Clearly this demands a change in thinking, and a very promising avenue is custom heterogeneous and reconfigurable computing. In our group we investigate exactly that, designing custom hardware accelerators focusing on real-time embedded scene understanding and particularly on Simultaneous Localisation and Mapping (SLAM) in the context of visual sensors. SLAM is a family of algorithms that solve the problem of estimating an observer's position in an unknown environment, while generating a map of that environment using a geometric formulation. Our work so far has resulted in developing very high bandwidth streaming hardware architectures for both Tracking and Mapping in the context of a Semi-dense SLAM algorithm that enable state-of-the-art performance with an order of magnitude improvement in power consumption.
This way we can push the efficiency and performance much further than traditional computing platforms and enable the design of high quality, state-of-the-art visual SLAM in lightweight and agile robots such as UAVs and small ground robots which have applications ranging from rapid environment exploration to precision agriculture. The same hardware and principles can be applied in household and industrial robotics as well as in a lot of augmented or virtual reality applications. Our findings can also be utilised to design more power efficient self-driving cars which have to continuously monitor their environment for obstacles or other vehicles while tracking their own position with high accuracy, using a combination of radar, sonar and camera sensors.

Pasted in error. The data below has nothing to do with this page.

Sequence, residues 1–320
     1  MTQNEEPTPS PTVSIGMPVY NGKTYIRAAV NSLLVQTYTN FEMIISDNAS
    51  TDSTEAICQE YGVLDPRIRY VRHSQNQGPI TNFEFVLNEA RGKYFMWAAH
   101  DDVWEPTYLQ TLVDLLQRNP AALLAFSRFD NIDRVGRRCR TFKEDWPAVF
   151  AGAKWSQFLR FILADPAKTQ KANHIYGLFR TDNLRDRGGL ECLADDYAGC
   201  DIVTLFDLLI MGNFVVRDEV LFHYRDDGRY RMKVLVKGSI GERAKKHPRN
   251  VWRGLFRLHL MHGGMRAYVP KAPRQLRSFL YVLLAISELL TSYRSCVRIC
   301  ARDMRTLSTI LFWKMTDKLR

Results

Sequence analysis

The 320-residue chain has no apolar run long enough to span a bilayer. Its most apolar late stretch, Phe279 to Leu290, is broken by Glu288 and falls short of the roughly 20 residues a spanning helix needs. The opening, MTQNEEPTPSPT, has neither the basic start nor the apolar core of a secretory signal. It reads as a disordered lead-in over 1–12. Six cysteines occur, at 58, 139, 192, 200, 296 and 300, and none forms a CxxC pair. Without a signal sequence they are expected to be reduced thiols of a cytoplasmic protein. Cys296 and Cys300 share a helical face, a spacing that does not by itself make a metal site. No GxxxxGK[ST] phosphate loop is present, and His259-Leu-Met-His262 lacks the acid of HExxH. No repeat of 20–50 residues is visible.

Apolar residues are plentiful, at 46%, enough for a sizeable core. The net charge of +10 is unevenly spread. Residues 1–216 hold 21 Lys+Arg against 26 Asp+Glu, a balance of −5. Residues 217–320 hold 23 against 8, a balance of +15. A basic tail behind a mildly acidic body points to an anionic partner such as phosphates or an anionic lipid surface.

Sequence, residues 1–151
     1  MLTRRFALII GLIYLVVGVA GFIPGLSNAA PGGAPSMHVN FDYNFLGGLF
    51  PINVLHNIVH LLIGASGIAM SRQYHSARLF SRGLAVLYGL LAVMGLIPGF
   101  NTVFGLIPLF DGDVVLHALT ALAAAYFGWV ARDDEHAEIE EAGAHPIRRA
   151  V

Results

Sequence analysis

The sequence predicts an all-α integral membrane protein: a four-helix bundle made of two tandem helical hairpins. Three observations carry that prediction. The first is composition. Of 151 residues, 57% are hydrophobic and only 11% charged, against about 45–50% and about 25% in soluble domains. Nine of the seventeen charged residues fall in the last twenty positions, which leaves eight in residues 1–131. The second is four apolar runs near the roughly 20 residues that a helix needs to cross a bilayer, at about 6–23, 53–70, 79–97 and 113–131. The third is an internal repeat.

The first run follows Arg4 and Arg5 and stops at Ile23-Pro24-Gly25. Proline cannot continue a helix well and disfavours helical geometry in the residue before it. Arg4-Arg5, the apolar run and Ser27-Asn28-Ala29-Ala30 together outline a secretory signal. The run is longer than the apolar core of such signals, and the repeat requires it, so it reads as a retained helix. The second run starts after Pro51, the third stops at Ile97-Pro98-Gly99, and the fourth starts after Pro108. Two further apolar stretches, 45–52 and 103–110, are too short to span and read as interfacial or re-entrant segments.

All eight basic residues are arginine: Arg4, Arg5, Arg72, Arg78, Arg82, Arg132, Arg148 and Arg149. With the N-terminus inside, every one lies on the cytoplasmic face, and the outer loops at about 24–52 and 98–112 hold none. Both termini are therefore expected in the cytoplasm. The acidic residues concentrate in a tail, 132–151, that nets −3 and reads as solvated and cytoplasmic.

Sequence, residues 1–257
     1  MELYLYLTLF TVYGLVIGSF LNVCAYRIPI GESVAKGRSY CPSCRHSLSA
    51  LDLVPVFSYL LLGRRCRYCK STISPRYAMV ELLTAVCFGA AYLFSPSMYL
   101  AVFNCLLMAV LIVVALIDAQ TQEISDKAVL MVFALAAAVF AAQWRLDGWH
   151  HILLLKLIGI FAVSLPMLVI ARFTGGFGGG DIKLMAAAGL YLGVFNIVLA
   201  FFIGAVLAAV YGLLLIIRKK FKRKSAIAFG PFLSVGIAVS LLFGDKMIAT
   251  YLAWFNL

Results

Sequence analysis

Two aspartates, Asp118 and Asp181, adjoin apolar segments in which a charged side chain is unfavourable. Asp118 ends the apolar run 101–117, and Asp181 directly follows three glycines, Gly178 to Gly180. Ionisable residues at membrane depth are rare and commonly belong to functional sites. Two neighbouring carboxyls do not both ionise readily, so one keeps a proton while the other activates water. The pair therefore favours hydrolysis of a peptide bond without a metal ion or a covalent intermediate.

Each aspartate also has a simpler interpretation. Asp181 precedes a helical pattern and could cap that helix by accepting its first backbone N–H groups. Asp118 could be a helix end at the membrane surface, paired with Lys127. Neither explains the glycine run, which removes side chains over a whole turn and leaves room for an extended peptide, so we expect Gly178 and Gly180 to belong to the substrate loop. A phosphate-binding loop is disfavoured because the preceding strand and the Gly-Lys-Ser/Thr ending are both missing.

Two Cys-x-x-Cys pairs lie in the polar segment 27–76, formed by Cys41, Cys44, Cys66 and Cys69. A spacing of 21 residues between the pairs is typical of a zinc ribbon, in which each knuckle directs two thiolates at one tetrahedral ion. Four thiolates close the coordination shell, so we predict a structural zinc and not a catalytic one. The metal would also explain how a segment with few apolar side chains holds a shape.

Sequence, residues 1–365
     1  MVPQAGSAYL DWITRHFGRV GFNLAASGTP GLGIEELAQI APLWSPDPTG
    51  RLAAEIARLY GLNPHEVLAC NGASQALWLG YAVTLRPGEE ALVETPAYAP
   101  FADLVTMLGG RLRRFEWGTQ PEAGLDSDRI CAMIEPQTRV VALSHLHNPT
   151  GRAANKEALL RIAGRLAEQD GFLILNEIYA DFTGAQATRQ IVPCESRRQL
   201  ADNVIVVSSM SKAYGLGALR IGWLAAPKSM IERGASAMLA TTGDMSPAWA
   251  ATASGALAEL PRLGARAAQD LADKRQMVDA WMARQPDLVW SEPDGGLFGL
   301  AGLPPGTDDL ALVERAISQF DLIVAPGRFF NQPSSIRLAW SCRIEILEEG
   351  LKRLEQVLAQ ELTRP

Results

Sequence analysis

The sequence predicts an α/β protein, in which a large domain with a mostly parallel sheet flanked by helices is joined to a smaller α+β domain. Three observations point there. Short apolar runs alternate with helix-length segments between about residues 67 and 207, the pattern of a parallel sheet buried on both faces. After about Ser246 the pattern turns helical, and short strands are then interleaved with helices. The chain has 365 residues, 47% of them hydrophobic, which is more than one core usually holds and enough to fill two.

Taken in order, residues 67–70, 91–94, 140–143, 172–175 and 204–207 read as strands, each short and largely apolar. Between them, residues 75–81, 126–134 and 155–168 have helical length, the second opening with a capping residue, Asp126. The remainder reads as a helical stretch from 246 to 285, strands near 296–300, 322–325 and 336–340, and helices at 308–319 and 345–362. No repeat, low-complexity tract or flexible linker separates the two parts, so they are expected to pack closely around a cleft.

Simultaneous localization and mapping is the problem of using a series of observations of an environment to build a map of that environment while simultaneously keeping track of the observer's position in it. Moving SLAM algorithms into the embedded space with efficient, low-power designs can open the way to emerging new applications including autonomous robotics and augmented reality. Such applications will require an accurate and information rich reconstruction of the environment. In our lab we are interested in providing small to medium UAVs with SLAM capabilities so they can navigate and eventually interact with an unknown environment in an autonomous way. As such, the above approaches cannot be applied to the targeted application. Towards this goal we are investigating the use of a novel platform for this kind of problem, a hybrid embedded Field Programmable Gate Array System on Chip (FPGA-SoC).
In many real-life scenarios, there is the need to enhance the spatial resolution of a human face in order to help with its tracking or recognition. Such cases appear when the subject is far from the camera resulting in images where the target face has resolution between 12x12 to 30x30 pixels. Even-though Face Super-resolution is still an active research field in image processing community, we are taking a different look at the problem and we impose real-time constraints on the embedded system (i.e. low power consumption) that would perform the super-resolution task. Our work achieves significantly better results from other state-of-the-art methods by coupling the deblurring and the registration process. Towards this direction, our group focuses on the computational aspects of the current algorithms as well as on the hardware characteristics of the available embedded platforms (i.e. SoC devices from FPGA vendors, Tegra K1 from nVidia) in order to accelerate such process and achieve real-time performance.